State Wants More Utahns Tested For Coronavirus
SALT LAKE CITY, Utah – State health officials continued their plea for people with mild symptoms of the novel coronavirus to be tested as the rate of confirmed cases and the number of tests administered decreases.
“We don’t know if the prevalence is indeed decreasing,” said Dr. Richard Orlandi, chief medical officer at Ambulatory Health at the University of Utah. “The decrease in testing has been a bit of a head-scratcher.”
From the beginning health officials in the state and across the country have identified fever, cough and shortness of breath as the symptoms most associated with COVID-19. In the early stages of its spread in Utah, state epidemiologist Dr. Angela Dunn told Utahns to largely stay home if they exhibited those symptoms due to a lack of testing capabilities.
“Our testing capacity increased drastically, so we changed our message,” Dunn said in Tuesday’s daily COVID-19 press conference.
LIVE: Utah leaders hold daily COVID-19 briefing. Announcement expected on how school will proceed for the remainder of the year.
Posted by KSL 5 TV on Tuesday, April 14, 2020
Dunn also announced the state had tested more than 46,476 people — just 689 more than Monday. That’s well below the state’s ability to test thousands a day.
In response to fewer people heading to the drive-through testing sites, Dunn added three more symptoms to the list: sore throat, muscle aches or a decreased sense of taste or smell. Any one of those symptoms, even a mild form, was enough for anyone to get tested.
“It is crucial for us to understand everybody who has COVID-19, no matter how mild the symptoms,” Dunn said. “And now we have capacity.”
“It’s really a lifesaving move if we can identify people earlier and isolate them to be able to prevent the spread of this disease,” Orlandi said.
Orlandi said the classic definition of a fever is 100.4 degrees. But he said even if you have a temperature of 100 degrees to get tested. And the same goes for a new or worsening cough.
We have adjusted requirements to test for COVID-19. As of today, if you have any of the following six symptoms, you should seek testing:
3) shortness of breath
4) sore throat
5) muscle aches
6) loss of taste or smell
— Utah COVID-19 Community Task Force (@UtahCoronavirus) April 13, 2020
“If it’s more than just that casual throat-clearing cough. If it’s ongoing for a day or two or it’s worsening, we certainly would want to get that person tested,” he said.
KSL NewsRadio’s Dave Noriega was tested Tuesday. He was one of a handful of people that TestUtah.com selected to get testing without symptoms. But as a state, officials said we are not to the point where anyone should just head to the testing tents.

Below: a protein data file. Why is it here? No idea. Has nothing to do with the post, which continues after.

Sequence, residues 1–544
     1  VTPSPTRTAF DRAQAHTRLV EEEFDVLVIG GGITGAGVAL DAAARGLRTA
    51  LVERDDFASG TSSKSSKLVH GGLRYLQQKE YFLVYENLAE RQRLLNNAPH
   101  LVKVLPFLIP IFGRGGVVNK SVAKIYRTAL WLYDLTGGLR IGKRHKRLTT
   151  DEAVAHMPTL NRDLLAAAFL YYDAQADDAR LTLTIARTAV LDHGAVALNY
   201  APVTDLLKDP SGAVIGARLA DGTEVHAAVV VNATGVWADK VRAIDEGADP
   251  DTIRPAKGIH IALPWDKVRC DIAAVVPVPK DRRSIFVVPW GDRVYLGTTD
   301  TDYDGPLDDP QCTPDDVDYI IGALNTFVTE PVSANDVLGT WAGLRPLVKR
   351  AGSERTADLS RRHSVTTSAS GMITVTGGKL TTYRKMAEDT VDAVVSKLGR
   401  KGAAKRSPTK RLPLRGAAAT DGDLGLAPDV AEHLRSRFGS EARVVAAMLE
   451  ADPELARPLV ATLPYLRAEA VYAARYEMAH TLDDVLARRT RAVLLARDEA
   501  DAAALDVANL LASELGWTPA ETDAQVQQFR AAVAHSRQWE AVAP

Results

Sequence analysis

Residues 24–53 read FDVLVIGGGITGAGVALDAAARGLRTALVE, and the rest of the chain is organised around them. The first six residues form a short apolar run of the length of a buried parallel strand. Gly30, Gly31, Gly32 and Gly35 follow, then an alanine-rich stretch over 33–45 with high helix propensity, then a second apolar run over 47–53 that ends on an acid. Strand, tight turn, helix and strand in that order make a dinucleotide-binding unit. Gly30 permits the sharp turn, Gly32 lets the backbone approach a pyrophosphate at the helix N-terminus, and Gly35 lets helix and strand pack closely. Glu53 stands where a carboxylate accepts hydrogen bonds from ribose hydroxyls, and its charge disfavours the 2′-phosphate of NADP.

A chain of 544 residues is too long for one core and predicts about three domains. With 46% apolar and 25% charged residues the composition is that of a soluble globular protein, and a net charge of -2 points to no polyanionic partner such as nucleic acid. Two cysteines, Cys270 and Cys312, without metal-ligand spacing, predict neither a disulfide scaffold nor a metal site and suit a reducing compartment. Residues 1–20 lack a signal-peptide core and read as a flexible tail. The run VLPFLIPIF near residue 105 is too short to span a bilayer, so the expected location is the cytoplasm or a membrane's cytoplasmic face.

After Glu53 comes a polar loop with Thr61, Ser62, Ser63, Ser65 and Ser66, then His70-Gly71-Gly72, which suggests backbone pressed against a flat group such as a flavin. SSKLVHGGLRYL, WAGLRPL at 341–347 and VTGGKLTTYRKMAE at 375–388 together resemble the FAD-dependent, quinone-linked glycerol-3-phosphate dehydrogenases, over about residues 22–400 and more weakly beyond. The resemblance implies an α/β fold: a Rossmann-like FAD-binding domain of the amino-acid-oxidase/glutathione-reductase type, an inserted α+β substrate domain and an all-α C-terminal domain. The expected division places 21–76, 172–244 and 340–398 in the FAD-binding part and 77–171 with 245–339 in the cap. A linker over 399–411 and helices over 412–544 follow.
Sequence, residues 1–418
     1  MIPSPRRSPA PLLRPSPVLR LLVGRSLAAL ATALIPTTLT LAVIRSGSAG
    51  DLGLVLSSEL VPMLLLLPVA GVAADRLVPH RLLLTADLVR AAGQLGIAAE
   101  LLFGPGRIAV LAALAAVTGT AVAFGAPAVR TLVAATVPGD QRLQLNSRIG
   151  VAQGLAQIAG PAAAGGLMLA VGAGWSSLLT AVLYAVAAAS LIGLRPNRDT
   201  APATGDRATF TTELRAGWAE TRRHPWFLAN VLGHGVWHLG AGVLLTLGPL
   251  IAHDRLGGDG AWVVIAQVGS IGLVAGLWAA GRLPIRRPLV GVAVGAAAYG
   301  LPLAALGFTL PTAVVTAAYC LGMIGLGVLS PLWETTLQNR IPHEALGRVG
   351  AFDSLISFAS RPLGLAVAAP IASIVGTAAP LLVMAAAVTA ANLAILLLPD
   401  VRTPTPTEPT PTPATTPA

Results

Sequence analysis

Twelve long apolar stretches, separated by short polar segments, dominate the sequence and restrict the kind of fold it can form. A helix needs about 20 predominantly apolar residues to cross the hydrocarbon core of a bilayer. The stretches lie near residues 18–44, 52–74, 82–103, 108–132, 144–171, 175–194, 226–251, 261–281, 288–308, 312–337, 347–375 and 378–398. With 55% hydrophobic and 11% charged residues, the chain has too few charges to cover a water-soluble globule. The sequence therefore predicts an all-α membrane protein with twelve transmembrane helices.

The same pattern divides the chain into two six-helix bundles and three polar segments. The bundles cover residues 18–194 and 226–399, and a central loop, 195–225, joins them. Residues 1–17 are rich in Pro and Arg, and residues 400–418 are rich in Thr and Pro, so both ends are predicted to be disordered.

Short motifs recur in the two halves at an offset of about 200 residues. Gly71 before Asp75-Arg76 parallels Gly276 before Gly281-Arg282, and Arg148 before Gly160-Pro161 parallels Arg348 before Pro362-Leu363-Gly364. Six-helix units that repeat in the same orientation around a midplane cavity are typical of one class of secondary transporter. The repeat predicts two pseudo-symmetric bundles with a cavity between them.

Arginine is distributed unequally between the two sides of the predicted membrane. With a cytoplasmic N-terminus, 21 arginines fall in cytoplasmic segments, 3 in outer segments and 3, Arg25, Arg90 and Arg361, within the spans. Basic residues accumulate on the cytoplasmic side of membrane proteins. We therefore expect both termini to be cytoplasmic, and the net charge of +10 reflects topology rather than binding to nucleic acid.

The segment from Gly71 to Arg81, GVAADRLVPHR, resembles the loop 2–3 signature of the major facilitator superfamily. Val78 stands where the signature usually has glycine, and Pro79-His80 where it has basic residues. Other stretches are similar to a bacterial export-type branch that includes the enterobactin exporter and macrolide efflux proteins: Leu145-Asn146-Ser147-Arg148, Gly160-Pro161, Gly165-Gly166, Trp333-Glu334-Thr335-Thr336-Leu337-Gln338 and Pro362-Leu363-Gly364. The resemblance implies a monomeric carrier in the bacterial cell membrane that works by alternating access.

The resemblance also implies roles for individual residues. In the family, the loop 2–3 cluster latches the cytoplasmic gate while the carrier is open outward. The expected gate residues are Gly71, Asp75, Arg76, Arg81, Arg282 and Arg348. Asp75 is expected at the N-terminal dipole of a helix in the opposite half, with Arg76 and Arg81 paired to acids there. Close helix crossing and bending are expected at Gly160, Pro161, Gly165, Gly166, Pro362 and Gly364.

“It risks a false sense of security if we test people too early and they’re negative and then a couple of days later become positive. We want to prevent that,” Orlandi said.
I got tested for COVID-19 today.
I dragged my mom along with me.
— Dave Noriega (@davenoriega) April 15, 2020
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- What is COVID-19? Here’s What You Need To Know To Stay Healthy
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How Do I Prevent It?
The CDC has some simple recommendations, most of which are the same for preventing other respiratory illnesses or the flu:
- Avoid close contact with people who may be sick
- Avoid touching your face
- Stay home when you are sick
- Cover your cough or sneeze with a tissue and then throw the tissue in the trash
- Wash your hands often with soap and water for at least 20 seconds, especially after going to the bathroom, before eating, and after blowing your nose, coughing or sneezing. Always wash your hands with soap and water if your hands are visibly dirty.
- If soap and water are not readily available, use an alcohol-based hand sanitizer with at least 60% alcohol.
How To Get Help
If you’re worried you may have COVID-19, you can contact the Utah Coronavirus Information Line at 1-800-456-7707 to speak to trained healthcare professionals. You can also use telehealth services through your healthcare providers.
If you see evidence of PRICE GOUGING, the Utah Attorney General’s Office wants you to report it. Common items in question include toilet paper, water, hand sanitizer, certain household cleaners, and even cold medicine and baby formula. Authorities are asking anyone who sees price gouging to report it to the Utah Division of Consumer Protection at 801-530-6601 or 800-721-7233. The division can also be reached by email at firstname.lastname@example.org.
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